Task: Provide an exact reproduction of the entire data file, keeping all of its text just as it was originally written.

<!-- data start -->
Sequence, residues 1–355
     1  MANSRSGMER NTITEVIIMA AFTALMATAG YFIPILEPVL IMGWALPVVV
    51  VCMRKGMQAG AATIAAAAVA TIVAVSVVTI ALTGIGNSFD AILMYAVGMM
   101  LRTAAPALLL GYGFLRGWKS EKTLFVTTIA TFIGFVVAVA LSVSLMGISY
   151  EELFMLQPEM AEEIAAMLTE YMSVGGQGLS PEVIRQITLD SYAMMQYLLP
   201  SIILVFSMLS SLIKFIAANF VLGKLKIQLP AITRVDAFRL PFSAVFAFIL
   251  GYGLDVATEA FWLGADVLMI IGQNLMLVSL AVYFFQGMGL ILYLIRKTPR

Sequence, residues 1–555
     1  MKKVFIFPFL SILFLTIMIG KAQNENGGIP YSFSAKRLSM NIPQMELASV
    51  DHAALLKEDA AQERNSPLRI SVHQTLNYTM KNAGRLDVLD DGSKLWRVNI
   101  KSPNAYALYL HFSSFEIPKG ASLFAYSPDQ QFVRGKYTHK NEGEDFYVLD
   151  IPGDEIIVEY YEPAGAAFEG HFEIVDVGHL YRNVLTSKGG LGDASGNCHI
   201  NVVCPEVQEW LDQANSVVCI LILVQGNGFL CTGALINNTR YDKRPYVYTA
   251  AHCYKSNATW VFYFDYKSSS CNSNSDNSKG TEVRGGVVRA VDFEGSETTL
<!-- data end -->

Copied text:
Sequence, residues 1–355
     1  MANSRSGMER NTITEVIIMA AFTALMATAG YFIPILEPVL IMGWALPVVV
    51  VCMRKGMQAG AATIAAAAVA TIVAVSVVTI ALTGIGNSFD AILMYAVGMM
   101  LRTAAPALLL GYGFLRGWKS EKTLFVTTIA TFIGFVVAVA LSVSLMGISY
   151  EELFMLQPEM AEEIAAMLTE YMSVGGQGLS PEVIRQITLD SYAMMQYLLP
   201  SIILVFSMLS SLIKFIAANF VLGKLKIQLP AITRVDAFRL PFSAVFAFIL
   251  GYGLDVATEA FWLGADVLMI IGQNLMLVSL AVYFFQGMGL ILYLIRKTPR

Sequence, residues 1–555
     1  MKKVFIFPFL SILFLTIMIG KAQNENGGIP YSFSAKRLSM NIPQMELASV
    51  DHAALLKEDA AQERNSPLRI SVHQTLNYTM KNAGRLDVLD DGSKLWRVNI
   101  KSPNAYALYL HFSSFEIPKG ASLFAYSPDQ QFVRGKYTHK NEGEDFYVLD
   151  IPGDEIIVEY YEPAGAAFEG HFEIVDVGHL YRNVLTSKGG LGDASGNCHI
   201  NVVCPEVQEW LDQANSVVCI LILVQGNGFL CTGALINNTR YDKRPYVYTA
   251  AHCYKSNATW VFYFDYKSSS CNSNSDNSKG TEVRGGVVRA VDFEGSETTL